The purpose of this case report was to create awareness among physicians while dealing with dermoid cysts of large sizes in older patients. Most dermoid cysts occur in the younger age group and a malignant transformation in them is rare, the incidence being 1‒2% of cases.1 The most common secondary malignant transformation is that of squamous‒cell carcinoma which accounts for 80% followed by 5% of adenocarcinoma. Historically, these tumors have been diagnosed postoperatively, as preoperative features predicting the diagnosis are not well described.2 They often present as an incidental pathological finding. An elevated preoperative serum level of squamous cell carcinoma antigen may indicate the need for a rapid pathologic examination of the tumor to look for malignant elements and may influence the surgical regimen.3 Measurement of serum tumor markers and imaging are two important elements in differentiating malignant from benign ovarian tumors.4 Higher CA‒125 levels have been shown to be associated with adverse outcome. Equally, an elevated CEA level has been reported as more useful than CA‒125 and CA19‒9 in the diagnosis of malignant transformation of mature cystic teratoma.5 However, our patient had a normal CA‒125, in keeping with a recent meta‒analysis which proved that serum markers are raised in only 70% of such patients.6

A systematic review of this rare malignant transformation was done on 64 suitable studies provided information on 277 patients. This review showed that squamous‒cell carcinoma in mature cystic teratoma was mainly found in women aged more than 50 years, with high concentrations of squamous‒cell‒carcinoma antigen and cancer antigen CA125, and with tumour size of more than 100 mm in size.6 Dermoid cysts are relatively easily diagnosed using imaging modalities like CT or MRI. However, fewer reports exist regarding their useful in diagnosisng malignant transformation. It has been reported that the size of the tumour, penetration of the septum or capsule, invasion of adjacent organs and abundance of solid areas within cysts were features suggestive of malignant transformation within cystic teratomas.7

Laminin immunohistochemistry is useful in detecting if the basement membrane has been interrupted and thus allow detection of the in situ nature of the tumour. This is important as the prognosis of a squamous cell carcinoma in dermoid cyst depends on the degree of penetration of the tumor.8 While the prognosis seems highly dependent on surgical stage, it is generally poor when disease has spread beyond the ovary.9 The overall 5 year survival rate of these patients is 52%. Clinical staging (stage I versus stage II or more), histologic differentiation and the presence of vascular invasion are factors that affect the prognosis of these patients.10 However adequately staged patients with disease confined to the ovary have a much better prognosis with a 5 year survival rate approaching 95%.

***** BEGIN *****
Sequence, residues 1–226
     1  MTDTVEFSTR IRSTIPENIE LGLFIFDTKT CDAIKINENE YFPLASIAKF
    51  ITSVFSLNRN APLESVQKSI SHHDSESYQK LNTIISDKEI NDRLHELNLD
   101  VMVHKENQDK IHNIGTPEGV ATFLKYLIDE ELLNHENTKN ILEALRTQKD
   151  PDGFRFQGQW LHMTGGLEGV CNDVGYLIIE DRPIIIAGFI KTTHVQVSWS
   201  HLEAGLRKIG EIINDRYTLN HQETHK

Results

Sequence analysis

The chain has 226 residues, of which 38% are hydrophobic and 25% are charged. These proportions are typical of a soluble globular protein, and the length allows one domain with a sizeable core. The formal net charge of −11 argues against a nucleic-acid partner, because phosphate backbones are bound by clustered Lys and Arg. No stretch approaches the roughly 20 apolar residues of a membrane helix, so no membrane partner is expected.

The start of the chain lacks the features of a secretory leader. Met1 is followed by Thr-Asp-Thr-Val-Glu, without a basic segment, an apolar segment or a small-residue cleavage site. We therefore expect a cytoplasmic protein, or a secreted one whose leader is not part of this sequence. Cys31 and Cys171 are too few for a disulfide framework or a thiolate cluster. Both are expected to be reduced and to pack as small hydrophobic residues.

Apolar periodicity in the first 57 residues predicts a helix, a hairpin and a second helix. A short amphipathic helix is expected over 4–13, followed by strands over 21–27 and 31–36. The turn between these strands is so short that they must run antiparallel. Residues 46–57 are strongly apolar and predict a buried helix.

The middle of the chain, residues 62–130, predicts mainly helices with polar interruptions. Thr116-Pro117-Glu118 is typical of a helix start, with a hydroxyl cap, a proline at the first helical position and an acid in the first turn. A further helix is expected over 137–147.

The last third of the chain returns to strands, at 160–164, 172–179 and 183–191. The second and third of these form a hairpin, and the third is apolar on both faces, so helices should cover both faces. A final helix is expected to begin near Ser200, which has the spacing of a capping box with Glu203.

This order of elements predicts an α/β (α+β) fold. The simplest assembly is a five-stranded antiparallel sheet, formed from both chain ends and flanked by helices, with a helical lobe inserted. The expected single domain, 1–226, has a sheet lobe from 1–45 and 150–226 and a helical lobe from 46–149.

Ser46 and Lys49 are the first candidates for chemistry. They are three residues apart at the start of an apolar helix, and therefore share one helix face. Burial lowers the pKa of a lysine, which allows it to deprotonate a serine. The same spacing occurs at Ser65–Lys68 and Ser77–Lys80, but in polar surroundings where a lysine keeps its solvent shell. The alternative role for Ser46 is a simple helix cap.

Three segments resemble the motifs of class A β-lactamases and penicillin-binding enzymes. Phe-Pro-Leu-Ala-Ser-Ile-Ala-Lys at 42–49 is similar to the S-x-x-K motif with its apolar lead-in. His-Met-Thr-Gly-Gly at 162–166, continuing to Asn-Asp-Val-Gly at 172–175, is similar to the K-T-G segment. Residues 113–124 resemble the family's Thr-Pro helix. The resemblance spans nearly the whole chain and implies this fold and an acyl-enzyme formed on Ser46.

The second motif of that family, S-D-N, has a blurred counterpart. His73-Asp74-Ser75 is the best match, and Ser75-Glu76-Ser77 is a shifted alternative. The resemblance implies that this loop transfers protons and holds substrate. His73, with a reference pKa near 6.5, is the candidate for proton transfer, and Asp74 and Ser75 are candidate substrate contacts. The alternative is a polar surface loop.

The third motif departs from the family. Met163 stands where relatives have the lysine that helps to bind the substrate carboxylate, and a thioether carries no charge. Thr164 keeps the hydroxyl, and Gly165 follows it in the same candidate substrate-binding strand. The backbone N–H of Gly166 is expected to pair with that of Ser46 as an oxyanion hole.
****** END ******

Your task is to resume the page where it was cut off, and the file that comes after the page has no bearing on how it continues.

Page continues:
Complete resection together with hysterectomy, bilateral salpingo‒oophorectomy and lymphadenectomy for patients with advanced disease, followed by adjuvant chemotherapy with an alkylating drug has been associated with higher survival, radiotherapy was not.6 There is a lack of consensus in the literature regarding adjuvant treatment. Platinum‒based chemotherapy with pelvic radiation may be a reasonable adjuvant therapy for early‒stage disease.9 Follow‒up with ultrasound, CT scan and serum CA‒125 is required (Figure 1 & 2).

Figure 1

Figure 2 This is the gross appearance of the left tube and ovarian mass at surgery. The solid and cystic mass was 12x12cm from left ovary and was twisted. It was adherent to the right ovary and uterus.


Squamous cell carcinoma in a dermoid cyst is not very common in this age group. The purpose of this case report was to create awareness among physicians while dealing with dermoid cysts of large sizes in older patients. Complete surgical resection followed by adjuvant chemotherapy gives good results.



Conflicts of interest